Though Taylor rightly won in 1966 for the best work of her career in "Who's Afraid of Virginia Woolf?" the Best Actress prize could have easily gone to her for "Cat on a Hot Tin Roof," in which she plays Tennessee Williams' sexually rejected Maggie the Cat with ample flourishes of feline sexuality and woman-scorned bitterness. Every cutting jest slung at Paul Newman's broken husk of a man, Brick, stings with venomous truth and anguish. That year she was beat by Susan Hayward in "I Want to Live" before finally winning in 1960 for "Butterfield 8"--an overrated movie and not her best work.

1974
Who Won: Ellen Burstyn ("Alice Doesn't Live Here Anymore")
Who Should've Won: Gena Rowlands ("A Woman Under the Influence")
Who Else Was Nominated: Diahann Carroll ("Claudine"), Faye Dunaway ("Chinatown"), Valerine Perrine ("Lenny")

For my money, all actresses will forever be in the shadow of Gena Rowlands' towering performance in the verite psychodrama "A Woman Under the Influence," directed by John Cassavetes. Rowlands plays Mabel Longhetti, a nutty but lovable housewife with personality disorders for days, and a loyal husband who valiantly puts up with her manic bouts of loopy madness, despair and loneliness. It's a truly astonishing embodiment of mental illness -- and the beginning of a longtime collaboration between director and actress in which Rowlands would outdo herself again and again (see "Opening Night," "Love Streams"). Burstyn's is a worthy performance in Scorsese's tender "Alice Doesn't Live Here Anymore," but she should have won in 2000 for another film (more on that later).

1978
Who Won: Jane Fonda ("Coming Home")
Who Should've Won: Geraldine Page ("Interiors")
Who Else Was Nominated: Ingrid Bergman ("Autumn Sonata"), Ellen Burstyn ("Same Time, Next Year"), Jill Clayburgh ("An Unmarried Woman")

In a year rife with great female performances, Jane Fonda won the Best Actress Oscar only six years after winning the same prize for Alan J. Pakula's terrifically dark "Klute." And while "Coming Home" holds up as a tender postwar film from director Hal Ashby, Geraldine Page (who won Best Actress in 1986 for "The Trip to Bountiful") made a good film great with her unglued performance in Woody Allen's "Interiors." Playing the banished matriarch of a dissolute family whose husband leaves her for a bawdier, younger woman, Page throws herself headlong into the saddest work of her career--most memorably, a candle-side freakout in a New York church.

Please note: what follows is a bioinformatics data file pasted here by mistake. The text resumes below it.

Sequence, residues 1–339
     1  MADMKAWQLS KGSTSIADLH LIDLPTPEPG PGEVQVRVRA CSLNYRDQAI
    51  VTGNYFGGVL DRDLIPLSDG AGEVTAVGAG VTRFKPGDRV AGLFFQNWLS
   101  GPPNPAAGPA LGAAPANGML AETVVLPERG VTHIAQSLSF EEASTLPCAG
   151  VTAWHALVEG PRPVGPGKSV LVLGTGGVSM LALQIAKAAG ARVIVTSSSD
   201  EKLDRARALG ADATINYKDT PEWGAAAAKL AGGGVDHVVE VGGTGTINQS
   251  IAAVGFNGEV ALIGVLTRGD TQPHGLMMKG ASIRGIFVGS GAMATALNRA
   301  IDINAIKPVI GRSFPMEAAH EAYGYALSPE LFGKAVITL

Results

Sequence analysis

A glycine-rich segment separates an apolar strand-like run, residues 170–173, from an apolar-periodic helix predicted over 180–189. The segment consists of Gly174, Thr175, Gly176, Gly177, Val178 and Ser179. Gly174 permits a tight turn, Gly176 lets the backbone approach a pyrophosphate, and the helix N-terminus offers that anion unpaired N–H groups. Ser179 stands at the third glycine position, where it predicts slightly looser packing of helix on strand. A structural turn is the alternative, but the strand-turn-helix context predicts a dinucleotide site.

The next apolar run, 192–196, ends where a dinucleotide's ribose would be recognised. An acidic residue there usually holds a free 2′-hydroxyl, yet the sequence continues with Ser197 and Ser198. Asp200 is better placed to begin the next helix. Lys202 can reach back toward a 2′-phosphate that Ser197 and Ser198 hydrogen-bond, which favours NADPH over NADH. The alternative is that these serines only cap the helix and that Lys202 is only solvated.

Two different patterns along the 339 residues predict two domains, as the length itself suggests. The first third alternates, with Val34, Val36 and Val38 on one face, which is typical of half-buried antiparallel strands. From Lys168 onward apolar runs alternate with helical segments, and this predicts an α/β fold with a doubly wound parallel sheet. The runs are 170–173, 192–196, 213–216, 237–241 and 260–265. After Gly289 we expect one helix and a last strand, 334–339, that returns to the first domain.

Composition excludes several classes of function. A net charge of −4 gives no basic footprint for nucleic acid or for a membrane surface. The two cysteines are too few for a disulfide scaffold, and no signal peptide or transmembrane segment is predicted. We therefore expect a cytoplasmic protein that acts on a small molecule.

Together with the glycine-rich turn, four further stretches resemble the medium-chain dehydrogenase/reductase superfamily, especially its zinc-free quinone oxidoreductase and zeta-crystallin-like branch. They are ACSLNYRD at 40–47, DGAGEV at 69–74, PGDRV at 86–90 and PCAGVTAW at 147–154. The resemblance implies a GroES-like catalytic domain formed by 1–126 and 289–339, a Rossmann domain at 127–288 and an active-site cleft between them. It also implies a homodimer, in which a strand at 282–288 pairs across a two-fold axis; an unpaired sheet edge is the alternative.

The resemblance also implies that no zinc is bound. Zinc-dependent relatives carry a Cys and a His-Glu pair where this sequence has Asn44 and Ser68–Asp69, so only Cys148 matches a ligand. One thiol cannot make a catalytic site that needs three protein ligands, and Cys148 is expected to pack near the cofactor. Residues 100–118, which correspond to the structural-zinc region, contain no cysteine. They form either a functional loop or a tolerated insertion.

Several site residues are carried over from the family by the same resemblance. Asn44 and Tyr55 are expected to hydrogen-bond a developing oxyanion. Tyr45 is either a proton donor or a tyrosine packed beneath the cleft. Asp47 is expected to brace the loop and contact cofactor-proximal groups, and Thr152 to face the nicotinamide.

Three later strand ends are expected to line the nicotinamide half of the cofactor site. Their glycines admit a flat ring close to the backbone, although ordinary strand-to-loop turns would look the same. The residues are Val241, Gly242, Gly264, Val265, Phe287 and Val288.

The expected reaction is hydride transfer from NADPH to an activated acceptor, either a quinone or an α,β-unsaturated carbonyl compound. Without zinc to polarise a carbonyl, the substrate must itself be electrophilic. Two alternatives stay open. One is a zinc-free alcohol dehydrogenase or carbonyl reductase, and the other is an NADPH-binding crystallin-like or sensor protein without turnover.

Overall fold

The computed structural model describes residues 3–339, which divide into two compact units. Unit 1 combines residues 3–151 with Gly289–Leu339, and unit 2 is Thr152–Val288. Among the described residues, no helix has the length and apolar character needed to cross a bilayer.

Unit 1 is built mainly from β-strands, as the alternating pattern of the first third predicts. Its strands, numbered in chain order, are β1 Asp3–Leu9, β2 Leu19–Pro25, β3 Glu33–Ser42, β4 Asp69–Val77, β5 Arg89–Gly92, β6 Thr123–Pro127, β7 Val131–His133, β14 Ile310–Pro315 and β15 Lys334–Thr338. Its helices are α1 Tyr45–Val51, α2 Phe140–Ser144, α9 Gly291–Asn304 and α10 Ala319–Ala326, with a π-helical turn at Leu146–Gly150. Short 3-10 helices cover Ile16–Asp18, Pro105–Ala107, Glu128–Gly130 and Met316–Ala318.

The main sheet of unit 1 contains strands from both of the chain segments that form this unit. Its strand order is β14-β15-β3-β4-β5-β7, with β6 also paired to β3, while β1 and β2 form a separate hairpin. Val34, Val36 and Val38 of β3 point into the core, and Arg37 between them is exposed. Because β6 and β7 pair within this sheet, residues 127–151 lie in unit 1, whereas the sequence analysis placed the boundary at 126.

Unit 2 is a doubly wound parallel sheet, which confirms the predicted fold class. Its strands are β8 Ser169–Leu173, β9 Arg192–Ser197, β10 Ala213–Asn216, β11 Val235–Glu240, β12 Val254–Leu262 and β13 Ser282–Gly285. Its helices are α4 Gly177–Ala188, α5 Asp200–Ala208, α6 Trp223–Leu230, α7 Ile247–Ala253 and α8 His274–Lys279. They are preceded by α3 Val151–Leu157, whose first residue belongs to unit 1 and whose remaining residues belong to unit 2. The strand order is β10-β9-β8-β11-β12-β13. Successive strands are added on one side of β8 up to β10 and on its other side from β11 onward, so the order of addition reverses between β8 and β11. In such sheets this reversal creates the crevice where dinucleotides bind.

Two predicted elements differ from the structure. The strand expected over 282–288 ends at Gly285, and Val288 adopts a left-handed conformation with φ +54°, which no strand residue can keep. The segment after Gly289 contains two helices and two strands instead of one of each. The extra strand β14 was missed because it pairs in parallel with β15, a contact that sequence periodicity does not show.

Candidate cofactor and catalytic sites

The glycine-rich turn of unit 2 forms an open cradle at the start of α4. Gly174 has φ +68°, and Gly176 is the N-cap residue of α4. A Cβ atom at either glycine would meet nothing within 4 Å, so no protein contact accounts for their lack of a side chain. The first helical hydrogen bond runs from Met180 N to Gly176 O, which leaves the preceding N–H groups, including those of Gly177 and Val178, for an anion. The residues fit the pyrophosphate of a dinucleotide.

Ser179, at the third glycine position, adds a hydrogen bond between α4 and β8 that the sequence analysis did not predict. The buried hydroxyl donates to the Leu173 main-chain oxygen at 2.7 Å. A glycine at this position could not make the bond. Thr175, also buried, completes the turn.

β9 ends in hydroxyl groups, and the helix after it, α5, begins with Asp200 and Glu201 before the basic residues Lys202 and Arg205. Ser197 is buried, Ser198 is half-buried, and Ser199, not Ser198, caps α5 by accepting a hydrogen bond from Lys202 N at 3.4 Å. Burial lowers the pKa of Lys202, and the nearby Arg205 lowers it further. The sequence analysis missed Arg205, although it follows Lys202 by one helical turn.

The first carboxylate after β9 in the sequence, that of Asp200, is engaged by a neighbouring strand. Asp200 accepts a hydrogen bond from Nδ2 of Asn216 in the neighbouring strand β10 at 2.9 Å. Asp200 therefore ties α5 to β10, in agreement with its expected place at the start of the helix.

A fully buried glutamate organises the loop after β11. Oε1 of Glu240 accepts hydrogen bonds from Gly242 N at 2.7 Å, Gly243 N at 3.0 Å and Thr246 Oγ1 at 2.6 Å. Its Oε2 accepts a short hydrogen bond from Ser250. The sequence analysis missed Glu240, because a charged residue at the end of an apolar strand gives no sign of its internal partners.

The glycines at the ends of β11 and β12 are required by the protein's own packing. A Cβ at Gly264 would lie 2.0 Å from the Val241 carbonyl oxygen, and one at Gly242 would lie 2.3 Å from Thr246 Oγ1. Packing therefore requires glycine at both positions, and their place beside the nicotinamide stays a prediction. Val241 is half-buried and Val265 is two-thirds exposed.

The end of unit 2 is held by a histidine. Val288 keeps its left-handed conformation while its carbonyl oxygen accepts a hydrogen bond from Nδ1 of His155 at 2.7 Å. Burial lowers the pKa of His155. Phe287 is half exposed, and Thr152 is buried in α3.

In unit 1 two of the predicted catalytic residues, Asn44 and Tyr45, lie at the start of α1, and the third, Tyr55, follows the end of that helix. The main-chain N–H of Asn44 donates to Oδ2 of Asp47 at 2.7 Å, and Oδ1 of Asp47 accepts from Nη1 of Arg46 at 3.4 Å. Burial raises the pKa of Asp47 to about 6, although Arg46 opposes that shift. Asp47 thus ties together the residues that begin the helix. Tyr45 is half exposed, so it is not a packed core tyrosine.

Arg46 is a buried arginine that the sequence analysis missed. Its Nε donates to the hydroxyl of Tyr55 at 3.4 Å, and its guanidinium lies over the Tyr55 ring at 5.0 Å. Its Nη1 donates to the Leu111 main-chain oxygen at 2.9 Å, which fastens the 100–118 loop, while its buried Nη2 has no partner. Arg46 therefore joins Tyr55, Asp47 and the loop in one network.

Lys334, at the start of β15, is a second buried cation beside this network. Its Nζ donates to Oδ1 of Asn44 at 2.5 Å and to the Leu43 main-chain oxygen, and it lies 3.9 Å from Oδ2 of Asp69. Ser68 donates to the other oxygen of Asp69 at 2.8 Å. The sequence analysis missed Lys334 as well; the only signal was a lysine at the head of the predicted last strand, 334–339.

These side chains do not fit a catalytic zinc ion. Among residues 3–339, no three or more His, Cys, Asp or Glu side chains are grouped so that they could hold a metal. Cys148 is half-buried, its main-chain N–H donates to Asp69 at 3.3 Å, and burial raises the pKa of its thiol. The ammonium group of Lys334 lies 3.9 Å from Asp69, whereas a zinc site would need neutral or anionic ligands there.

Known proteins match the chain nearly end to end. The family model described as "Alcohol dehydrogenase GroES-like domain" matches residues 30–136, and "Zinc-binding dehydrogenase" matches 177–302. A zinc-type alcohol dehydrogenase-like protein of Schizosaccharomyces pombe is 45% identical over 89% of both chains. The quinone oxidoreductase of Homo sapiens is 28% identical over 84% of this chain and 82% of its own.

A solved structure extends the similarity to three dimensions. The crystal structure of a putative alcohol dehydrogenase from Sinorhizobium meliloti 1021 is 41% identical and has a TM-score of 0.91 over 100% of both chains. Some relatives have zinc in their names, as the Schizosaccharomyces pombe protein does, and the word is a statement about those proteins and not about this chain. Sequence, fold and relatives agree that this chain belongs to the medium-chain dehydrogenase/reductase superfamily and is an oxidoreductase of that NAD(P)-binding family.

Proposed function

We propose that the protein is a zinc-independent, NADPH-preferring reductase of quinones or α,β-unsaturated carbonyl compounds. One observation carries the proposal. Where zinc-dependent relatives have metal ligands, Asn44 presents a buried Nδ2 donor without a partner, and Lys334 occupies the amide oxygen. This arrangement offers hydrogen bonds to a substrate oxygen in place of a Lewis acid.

This article is related to: Awards, Awards Season Roundup, Academy Awards, Blue Jasmine, Cate Blanchett, Features


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Born and raised in Manhattan, Anne Thompson grew up going to the Thalia and The New Yorker and wound up at grad Cinema Studies at NYU. She worked at United Artists and Film Comment before heading west as that magazine's west coast editor. She wrote for the LA Weekly, Sight and Sound, Empire, The New York Times and Entertainment Weekly before serving as West Coast Editor of Premiere. She wrote for The Washington Post, The London Observer, Wired, More, and Vanity Fair, and did staff stints at The Hollywood Reporter and Variety. She eventually took her blog Thompson on Hollywood to Indiewire. She taught film criticism at USC Critical Studies, and continues to host the fall semester of “Sneak Previews” for UCLA Extension.